Senators Propose Bill Aimed at Drug Waste, Oversized Eye Drops

November 3, 2017: By Jon Swedien
US Capitol

US Capitol

Two US senators have introduced legislation that aims to prevent drug waste and targets ophthalmic treatments that come in oversized eye drops.

Sens. Amy Klobuchar, D-Minn., and Chuck Grassley, R-Iowa, are sponsoring the Drug Waste Act of 2017.

The bill would require the FDA and the Centers for Medicare and Medicaid Services to develop a joint action plan to reduce drug waste and better manage costs with respect to single-use drug vial sizes and other drug delivery systems, such as eye-drops, according to a press release from Klobuchar’s office.

The senators said the legislation was spurred in part by a recent ProPublica story that examined drug waste issues, as well as other reports. The ProPublica story focused on ophthalmic eye drops and cancer medications, and it noted that many ophthalmic eye drops are too large to be absorbed by the eye and as such product is lost each time the eye drops are administered.

Klobuchar and Grassley said reducing waste could curtail excess spending for both customers and taxpayers. “With the skyrocketing costs of prescription drugs, American taxpayers shouldn’t be footing the bill for medicine going to waste,” Klobuchar said in the release.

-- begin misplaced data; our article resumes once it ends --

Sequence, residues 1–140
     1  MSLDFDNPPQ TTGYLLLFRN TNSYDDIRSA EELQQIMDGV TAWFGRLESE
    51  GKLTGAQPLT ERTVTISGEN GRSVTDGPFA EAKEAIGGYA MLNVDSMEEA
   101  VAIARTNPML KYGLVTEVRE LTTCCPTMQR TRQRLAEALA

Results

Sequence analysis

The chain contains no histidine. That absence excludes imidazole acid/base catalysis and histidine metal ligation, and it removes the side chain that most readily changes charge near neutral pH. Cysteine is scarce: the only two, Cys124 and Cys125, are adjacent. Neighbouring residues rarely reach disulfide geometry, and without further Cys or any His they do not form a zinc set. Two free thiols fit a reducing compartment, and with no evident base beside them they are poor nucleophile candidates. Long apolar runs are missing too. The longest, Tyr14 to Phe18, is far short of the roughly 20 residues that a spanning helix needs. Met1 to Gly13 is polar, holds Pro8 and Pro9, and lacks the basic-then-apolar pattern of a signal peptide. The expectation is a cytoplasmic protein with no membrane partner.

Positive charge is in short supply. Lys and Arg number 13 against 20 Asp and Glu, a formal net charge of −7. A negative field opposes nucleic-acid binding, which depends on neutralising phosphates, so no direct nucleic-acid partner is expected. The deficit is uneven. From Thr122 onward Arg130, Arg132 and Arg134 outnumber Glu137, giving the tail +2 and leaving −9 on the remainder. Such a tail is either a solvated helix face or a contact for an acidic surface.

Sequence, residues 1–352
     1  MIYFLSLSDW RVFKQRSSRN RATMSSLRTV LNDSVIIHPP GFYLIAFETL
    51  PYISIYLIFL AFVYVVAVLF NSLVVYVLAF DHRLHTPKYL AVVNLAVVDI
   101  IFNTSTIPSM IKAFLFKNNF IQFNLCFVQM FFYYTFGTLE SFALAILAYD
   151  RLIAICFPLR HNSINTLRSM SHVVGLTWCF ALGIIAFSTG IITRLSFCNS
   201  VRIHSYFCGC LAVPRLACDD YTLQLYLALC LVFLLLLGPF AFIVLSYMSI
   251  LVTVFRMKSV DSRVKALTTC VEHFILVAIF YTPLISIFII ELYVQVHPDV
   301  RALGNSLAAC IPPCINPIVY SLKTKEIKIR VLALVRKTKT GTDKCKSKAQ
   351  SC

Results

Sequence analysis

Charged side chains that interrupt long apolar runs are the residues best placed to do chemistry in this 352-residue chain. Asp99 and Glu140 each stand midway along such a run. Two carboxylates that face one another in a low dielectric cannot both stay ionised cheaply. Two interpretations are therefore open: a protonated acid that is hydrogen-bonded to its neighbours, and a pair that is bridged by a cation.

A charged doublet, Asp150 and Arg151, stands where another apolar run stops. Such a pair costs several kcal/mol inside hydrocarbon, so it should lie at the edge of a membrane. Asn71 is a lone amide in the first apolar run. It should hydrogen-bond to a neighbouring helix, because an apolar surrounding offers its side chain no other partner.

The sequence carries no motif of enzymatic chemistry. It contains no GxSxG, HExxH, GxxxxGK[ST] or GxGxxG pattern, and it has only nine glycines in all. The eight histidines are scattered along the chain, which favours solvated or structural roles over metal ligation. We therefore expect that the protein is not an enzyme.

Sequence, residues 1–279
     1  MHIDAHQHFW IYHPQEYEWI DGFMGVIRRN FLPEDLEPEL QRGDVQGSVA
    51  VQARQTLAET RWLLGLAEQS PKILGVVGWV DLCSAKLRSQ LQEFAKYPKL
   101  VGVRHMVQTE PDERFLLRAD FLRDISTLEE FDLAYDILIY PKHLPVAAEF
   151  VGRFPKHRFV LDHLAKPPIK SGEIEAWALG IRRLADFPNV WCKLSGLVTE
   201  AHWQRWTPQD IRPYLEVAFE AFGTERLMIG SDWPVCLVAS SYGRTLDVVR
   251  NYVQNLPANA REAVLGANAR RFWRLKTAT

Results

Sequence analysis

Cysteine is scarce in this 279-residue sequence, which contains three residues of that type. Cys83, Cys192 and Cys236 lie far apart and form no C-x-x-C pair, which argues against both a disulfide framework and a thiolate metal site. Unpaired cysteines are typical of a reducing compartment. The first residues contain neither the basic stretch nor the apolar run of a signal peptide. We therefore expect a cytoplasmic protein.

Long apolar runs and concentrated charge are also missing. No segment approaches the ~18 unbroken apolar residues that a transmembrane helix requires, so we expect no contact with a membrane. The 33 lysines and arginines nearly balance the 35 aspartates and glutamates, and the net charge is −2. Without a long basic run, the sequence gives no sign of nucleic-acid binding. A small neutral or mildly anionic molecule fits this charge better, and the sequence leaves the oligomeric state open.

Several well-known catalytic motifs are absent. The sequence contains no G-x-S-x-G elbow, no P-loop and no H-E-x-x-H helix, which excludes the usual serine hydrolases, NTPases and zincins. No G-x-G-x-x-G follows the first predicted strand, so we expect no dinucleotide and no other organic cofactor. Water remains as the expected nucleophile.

One of the sources for the ProPublica story, however, questioned whether reducing the size of the drops would lead to cheaper prices.

In the story, Gary Novack, PhD, president of PharmaLogic Development, told ProPublica that making eye drops smaller with higher concentrations of medicine might be ideal, but it would not necessarily lower prices. He said, even if eye drops were made smaller, companies would “‘acclimate,’ raising prices by charging by dose instead of volume.”

The issue is also complicated by the fact that research and development and regulatory costs play a large role in drug pricing, which would not be addressed by a reduction in product waste. Rebate and reimbursement issues with government and private insurers also complicate the matter.

Klobuchar and Grassley have also introduced the Preserve Access to Affordable Generics Act. The bill aims to expand consumers’ access to cost-saving generic drugs and increase competition by ending “pay for delay” deals.

The two also have voiced support for Sen. Patrick Leahy’s Creating and Restoring Equal Access to Equivalent Samples (CREATES) Act that seeks to prevent brand-name drug companies from preventing generic drugs from entering the market.

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